Entrepreneurs see problems and strive to fix them in order to make the world a better place to live. This month we sat down with Mickey Costa to learn more about Atlas and how digital currencies and the blockchain can help developing countries.


What drove you to want to be an entrepreneur?
After law school I realized that for me to be happy in life I had to carve my own path. I wanted to do something that would make me want to get up in the morning, something that would make a difference in the world. Tackling a macro problem and helping people throughout the world is what keeps me going.  I am a big believer that free market solutions have the greatest power to have disruptive impact, and feel lucky to have found such an altruistic sweet spot.

Tell us about Bitcoin.
Bitcoin is a universal peer-to-peer payment system. It’s a digital currency, created and held electronically with no controlling entity. It is all based on mathematics and it’s beautiful! The main problem with bitcoin is the lack of adoption of the currency—there aren’t enough compelling use cases for new users. We developed Atlas to help the unbanked get access to financial services, and using bitcoin and the blockchain is THE way to do this globally and cheaply. Atlas is a mobile money platform that helps people to send money to each other across the world.

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How does Atlas help people in developing countries?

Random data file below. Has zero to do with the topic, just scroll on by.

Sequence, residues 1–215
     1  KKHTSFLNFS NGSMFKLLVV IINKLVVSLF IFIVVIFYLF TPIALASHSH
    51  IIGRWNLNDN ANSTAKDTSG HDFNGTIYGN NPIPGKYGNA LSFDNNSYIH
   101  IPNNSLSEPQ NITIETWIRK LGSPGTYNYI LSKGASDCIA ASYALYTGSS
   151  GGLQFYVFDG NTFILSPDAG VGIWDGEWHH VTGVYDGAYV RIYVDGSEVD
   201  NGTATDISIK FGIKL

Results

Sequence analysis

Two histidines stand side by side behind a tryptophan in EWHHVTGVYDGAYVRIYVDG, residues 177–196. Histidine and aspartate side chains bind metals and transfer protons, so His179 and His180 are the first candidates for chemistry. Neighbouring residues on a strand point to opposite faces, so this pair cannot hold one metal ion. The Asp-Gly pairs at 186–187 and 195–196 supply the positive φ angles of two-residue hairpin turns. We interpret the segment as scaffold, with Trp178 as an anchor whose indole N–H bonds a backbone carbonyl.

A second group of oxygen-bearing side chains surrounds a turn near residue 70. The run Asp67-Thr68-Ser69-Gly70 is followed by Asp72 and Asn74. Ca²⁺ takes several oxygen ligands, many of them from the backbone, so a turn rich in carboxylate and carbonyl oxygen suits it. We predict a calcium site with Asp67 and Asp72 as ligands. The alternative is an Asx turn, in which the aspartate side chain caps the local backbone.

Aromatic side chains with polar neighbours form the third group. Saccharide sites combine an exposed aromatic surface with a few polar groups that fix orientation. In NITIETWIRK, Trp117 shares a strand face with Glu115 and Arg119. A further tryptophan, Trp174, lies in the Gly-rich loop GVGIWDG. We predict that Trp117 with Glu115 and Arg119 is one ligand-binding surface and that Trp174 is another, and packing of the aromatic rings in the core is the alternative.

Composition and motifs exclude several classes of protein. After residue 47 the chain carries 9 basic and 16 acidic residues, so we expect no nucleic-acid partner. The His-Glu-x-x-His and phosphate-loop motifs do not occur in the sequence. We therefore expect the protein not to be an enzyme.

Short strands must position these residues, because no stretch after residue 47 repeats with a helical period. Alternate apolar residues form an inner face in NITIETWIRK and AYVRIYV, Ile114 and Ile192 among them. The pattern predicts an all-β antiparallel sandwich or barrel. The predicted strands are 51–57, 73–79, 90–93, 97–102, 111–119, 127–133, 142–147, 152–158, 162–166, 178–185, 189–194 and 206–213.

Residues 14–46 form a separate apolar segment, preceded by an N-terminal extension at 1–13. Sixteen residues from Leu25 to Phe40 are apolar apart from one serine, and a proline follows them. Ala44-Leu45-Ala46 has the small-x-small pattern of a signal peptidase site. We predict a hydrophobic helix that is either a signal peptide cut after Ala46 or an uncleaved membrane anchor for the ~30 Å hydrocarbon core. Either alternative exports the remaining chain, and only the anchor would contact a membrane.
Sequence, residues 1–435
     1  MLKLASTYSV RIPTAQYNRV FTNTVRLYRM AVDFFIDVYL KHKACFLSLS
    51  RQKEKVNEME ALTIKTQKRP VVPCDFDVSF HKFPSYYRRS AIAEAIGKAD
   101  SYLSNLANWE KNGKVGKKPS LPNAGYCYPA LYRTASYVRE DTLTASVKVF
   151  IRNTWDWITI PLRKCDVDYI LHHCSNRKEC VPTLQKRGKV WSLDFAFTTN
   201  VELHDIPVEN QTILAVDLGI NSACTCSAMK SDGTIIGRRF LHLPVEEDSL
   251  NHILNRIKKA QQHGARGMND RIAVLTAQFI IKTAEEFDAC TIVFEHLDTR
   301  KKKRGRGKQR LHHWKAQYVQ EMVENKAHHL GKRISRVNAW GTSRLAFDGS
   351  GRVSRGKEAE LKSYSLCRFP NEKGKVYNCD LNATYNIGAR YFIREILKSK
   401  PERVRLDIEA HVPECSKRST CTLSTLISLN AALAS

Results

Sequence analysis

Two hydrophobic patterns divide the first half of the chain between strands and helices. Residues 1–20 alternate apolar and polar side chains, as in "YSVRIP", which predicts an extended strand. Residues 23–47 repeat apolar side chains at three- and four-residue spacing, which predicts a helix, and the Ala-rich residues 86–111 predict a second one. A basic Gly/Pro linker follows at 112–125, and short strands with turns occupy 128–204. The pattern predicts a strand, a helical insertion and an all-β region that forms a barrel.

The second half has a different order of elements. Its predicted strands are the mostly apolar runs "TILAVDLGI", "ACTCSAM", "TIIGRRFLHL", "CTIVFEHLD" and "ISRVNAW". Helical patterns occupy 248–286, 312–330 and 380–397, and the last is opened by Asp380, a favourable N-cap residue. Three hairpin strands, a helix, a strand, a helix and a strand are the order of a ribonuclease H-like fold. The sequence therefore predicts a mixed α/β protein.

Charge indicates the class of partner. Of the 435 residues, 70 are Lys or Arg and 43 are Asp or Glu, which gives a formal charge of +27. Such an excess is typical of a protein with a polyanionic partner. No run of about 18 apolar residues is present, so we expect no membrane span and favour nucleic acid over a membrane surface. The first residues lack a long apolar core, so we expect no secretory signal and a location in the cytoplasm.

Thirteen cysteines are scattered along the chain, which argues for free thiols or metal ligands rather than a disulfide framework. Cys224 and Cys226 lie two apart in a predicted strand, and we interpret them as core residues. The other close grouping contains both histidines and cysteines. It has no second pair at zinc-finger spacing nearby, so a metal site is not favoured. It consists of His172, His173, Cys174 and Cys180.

There are areas of the world where basic financial services are limited. I first saw this in Guatemala where people don’t have access to banks. I heard their stories of theft and countless other problems related to accessing their own money. I began to see the amazing benefits that bitcoin could have internationally. In a country where the economy has collapsed and there is hyperinflation, using bitcoin is pretty attractive. Bitcoin is a leapfrog technology that gets everyone involved in the global economy. Everyone should have a foundational layer of economic freedom. Mobile banking through a digital currency provides just that.

Do you have any regrets about the path you chose?
Wearing a t-shirt to work and getting into an office that serves beer is great, but most days I am working longer hours than my friends at law offices. It is a different kind of pressure. I know that the risk of failure is scary, but for me it was scarier not to take the risk.